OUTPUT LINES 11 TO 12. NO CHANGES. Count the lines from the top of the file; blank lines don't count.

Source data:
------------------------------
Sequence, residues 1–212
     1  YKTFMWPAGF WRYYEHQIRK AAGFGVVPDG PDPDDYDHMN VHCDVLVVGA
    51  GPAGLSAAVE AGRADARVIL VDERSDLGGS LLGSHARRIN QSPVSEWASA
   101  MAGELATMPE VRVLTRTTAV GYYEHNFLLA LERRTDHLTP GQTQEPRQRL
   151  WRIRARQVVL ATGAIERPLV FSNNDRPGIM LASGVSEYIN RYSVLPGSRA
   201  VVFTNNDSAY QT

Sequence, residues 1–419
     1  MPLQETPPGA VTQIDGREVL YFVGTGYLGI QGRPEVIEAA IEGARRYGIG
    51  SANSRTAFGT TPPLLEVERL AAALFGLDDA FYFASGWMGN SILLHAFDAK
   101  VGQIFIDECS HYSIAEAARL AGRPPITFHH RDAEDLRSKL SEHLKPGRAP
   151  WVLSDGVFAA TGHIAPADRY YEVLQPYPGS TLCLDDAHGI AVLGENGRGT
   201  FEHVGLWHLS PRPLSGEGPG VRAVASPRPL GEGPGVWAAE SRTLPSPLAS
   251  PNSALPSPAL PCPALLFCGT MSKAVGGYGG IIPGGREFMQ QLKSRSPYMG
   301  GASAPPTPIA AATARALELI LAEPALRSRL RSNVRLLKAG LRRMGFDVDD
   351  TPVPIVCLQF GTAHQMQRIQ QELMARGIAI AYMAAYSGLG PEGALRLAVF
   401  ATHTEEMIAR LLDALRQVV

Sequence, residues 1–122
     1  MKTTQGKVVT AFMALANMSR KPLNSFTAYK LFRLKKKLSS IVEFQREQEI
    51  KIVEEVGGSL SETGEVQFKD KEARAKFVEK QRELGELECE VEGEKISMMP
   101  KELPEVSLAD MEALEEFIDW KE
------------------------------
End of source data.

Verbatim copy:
   151  WVLSDGVFAA TGHIAPADRY YEVLQPYPGS TLCLDDAHGI AVLGENGRGT
   201  FEHVGLWHLS PRPLSGEGPG VRAVASPRPL GEGPGVWAAE SRTLPSPLAS